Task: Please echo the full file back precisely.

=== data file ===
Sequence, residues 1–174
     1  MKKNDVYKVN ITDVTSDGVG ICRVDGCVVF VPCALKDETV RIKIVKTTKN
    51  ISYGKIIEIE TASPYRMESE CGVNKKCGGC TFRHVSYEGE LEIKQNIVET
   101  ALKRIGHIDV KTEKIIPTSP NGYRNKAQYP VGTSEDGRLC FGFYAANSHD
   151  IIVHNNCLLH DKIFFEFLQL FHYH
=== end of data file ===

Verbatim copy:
Sequence, residues 1–174
     1  MKKNDVYKVN ITDVTSDGVG ICRVDGCVVF VPCALKDETV RIKIVKTTKN
    51  ISYGKIIEIE TASPYRMESE CGVNKKCGGC TFRHVSYEGE LEIKQNIVET
   101  ALKRIGHIDV KTEKIIPTSP NGYRNKAQYP VGTSEDGRLC FGFYAANSHD
   151  IIVHNNCLLH DKIFFEFLQL FHYH